Farmhouse style is relaxing. It’s restorative. Farmhouses are sturdy and cozy. The farmhouse style isn’t compatible with elaborate millwork, loud colors, or complex layouts. It’s a symmetrical style that is practical, easy to build, and easy to furnish. And you are sure to recognize farmhouse style when you see it.
Interior style features
Farmhouse style is adaptable and inclusive — within limits. The editor in chief of Country Living Kim Leggett put it this way: You can vet farmhouse style by asking yourself whether something wants you to fidget with it or it makes you want to linger and relax. If it makes you want to tinker with it, it’s not farmhouse style. If it makes you want to relax and linger, it probably belongs in your farmhouse.
Authentic farmhouses provide adequate kitchen space. No galley kitchens here. The farmhouse was the place families canned, dried, pickled, and preserved provisions for the whole year. Modern farmhouses always provide ample kitchen space.
Authentic farmhouses provide entertaining space. Every farmhouse had a parlor. This front room provided a space for weddings, christenings, funerals, and reunions, which were generally small gatherings. But every farmhouse has a social room.
In the days when America was a rural nation, family members usually piled into the same bedroom. There would never be more bedrooms than family members before all the children reach adulthood. And farmhouses had certain recognizable features of interior decoration that can be replicated today.
- Wallpaper was a must. The family might fill in chinks in the beadboard or lumber used to make the wall with cotton or muslin before the wallpaper was laid down. Farmhouse wallpaper usually featured delicate designs and soft papers, in contrast with the more garish and colorful designs popular in the Victorian style.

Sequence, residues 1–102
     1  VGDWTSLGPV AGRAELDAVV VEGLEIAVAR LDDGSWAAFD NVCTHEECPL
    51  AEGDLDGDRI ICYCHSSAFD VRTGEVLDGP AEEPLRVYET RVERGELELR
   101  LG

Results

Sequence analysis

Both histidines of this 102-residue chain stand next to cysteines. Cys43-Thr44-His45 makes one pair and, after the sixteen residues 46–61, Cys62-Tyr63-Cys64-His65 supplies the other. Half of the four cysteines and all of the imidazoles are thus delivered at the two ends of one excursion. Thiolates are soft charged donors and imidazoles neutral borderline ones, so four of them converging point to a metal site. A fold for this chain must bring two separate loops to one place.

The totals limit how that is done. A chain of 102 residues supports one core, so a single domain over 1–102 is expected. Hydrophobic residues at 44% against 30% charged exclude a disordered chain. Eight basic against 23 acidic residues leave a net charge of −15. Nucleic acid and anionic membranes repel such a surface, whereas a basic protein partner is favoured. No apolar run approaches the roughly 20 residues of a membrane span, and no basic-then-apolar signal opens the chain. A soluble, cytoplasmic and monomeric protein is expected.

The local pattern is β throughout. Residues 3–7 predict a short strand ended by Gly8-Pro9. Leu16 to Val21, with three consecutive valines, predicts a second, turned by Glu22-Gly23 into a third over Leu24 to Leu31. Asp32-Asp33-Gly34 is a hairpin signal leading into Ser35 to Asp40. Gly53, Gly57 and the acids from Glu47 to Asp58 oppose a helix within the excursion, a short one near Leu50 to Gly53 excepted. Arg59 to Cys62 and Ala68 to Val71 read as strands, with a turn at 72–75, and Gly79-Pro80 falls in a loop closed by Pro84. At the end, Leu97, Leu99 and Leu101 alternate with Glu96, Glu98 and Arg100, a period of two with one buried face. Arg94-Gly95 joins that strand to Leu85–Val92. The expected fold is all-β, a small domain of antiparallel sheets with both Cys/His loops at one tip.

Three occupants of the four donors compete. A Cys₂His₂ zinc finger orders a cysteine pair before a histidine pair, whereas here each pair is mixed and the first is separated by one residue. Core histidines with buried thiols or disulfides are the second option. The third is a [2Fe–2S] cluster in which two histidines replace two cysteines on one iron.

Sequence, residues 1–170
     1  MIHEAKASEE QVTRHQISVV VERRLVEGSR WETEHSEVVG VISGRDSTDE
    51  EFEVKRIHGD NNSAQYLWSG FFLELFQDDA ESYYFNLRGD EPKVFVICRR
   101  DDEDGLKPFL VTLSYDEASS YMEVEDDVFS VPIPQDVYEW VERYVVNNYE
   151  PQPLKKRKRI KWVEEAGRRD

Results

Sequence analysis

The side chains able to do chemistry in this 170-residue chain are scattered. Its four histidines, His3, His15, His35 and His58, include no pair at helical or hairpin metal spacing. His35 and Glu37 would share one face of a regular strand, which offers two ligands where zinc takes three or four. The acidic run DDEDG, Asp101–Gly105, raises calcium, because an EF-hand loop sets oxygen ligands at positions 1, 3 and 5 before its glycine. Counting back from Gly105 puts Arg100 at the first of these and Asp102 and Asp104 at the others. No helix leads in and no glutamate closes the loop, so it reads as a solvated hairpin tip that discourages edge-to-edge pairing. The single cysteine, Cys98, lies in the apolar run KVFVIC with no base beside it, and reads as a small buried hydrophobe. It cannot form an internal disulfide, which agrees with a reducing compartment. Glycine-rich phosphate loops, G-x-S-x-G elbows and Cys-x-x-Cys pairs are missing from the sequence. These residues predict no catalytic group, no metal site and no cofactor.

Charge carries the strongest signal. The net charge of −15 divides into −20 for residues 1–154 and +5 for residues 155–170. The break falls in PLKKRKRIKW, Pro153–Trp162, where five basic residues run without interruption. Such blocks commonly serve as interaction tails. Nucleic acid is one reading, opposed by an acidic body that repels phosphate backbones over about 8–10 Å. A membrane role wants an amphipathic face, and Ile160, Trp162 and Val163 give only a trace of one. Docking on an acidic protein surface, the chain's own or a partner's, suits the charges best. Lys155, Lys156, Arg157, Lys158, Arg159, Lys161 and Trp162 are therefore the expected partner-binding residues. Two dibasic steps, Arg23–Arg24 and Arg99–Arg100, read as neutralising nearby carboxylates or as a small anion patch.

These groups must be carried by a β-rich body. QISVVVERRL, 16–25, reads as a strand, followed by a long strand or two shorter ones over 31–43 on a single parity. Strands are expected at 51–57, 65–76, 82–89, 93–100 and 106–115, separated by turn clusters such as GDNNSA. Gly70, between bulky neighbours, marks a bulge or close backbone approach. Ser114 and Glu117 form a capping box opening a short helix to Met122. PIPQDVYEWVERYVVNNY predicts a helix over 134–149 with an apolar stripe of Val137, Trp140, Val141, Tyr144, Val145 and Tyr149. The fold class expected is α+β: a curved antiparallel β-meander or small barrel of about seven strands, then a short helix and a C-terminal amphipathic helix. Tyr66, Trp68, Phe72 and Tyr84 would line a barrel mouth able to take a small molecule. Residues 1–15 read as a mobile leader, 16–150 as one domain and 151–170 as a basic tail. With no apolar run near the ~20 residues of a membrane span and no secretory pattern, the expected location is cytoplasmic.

- Nothing says “farmhouse” quite like ticking. This striped cotton fabric can still be used for upholstery, throw pillows and curtains.
- Farmhouses were illuminated with natural light, candles, and kerosene lamps. Even today, farmhouse interiors feature soft lighting.
- The possessions of a farm family were acquired over time. They told a story. Modern farmhouses still feature eclectic conditions of gently (and not so gently) used furniture and a variety of pots, pans, and crockery, often displayed in cabinets with glass windows. These possessions were stored on shelves, not in overhead cabinets. Why wouldn’t you want all these important elements of your farmhouse’s interior decoration on full display?
- Farmhouses were usually furnished with furniture that was made rather than bought. Homemade furniture still fits a farmhouse look.
- In traditional farmhouses, ceilings were low, and doors were narrow. These aren’t features of new construction today.
Exterior style features
Farmhouses often have porches that extend the length of the house. One hundred years ago, these porches were a place to store firewood and to remove muddy boots before coming into the house.
Farmhouses have fireplaces. Traditionally, the fireplace provided warmth and a second cooking area. Today the fireplace is often the focal point of a living room or family room.
Farmhouses almost always have numerous windows. The only way to cool the house during the summer was to open a window, so multiple windows were a must. Windows might have to be sealed with “window cozies” to keep out winter cold.
Close inspection of the exteriors of old farmhouses can yield some interesting details.
It hasn’t always been possible to run down to the home supply store and pick up a few cans of premixed paints in the exact shades you want for your house. Farmhouses typically had wood panel siding that was decorated with paint from a can stirred with a stick. Brushes left brush marks. “Earth paints” emulate this effect today (although you don’t have to stir them with a stick). Stone and masonry features can be offset with gray pants. Blue paints are surely as effective today as they were in the 1800s for shooing away “haints” (wandering spirits). But if you own a farmhouse, you can’t go wrong painting the exterior white.